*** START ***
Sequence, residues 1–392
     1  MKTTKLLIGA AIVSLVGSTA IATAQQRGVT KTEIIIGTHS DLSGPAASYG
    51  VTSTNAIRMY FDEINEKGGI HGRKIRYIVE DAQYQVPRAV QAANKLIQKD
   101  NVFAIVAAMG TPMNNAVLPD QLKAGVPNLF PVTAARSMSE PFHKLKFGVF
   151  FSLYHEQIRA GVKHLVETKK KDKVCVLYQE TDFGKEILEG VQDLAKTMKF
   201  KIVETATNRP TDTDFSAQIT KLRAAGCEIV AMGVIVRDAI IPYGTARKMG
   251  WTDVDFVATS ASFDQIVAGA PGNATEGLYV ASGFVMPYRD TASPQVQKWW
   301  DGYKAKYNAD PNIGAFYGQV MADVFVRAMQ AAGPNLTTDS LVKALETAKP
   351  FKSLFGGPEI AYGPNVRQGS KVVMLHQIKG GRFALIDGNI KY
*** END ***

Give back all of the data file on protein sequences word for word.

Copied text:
Sequence, residues 1–392
     1  MKTTKLLIGA AIVSLVGSTA IATAQQRGVT KTEIIIGTHS DLSGPAASYG
    51  VTSTNAIRMY FDEINEKGGI HGRKIRYIVE DAQYQVPRAV QAANKLIQKD
   101  NVFAIVAAMG TPMNNAVLPD QLKAGVPNLF PVTAARSMSE PFHKLKFGVF
   151  FSLYHEQIRA GVKHLVETKK KDKVCVLYQE TDFGKEILEG VQDLAKTMKF
   201  KIVETATNRP TDTDFSAQIT KLRAAGCEIV AMGVIVRDAI IPYGTARKMG
   251  WTDVDFVATS ASFDQIVAGA PGNATEGLYV ASGFVMPYRD TASPQVQKWW
   301  DGYKAKYNAD PNIGAFYGQV MADVFVRAMQ AAGPNLTTDS LVKALETAKP
   351  FKSLFGGPEI AYGPNVRQGS KVVMLHQIKG GRFALIDGNI KY